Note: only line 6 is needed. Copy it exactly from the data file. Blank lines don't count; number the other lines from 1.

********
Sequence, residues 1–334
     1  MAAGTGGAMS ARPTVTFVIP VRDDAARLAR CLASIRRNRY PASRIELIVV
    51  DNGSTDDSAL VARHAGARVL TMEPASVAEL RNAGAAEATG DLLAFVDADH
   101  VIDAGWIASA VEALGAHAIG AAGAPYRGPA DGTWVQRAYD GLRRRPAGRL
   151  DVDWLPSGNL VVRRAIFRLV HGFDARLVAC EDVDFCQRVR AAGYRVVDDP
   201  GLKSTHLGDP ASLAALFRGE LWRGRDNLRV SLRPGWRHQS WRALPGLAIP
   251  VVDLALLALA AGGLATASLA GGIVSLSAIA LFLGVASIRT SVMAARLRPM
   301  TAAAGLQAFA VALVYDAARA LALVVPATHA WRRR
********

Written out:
   201  GLKSTHLGDP ASLAALFRGE LWRGRDNLRV SLRPGWRHQS WRALPGLAIP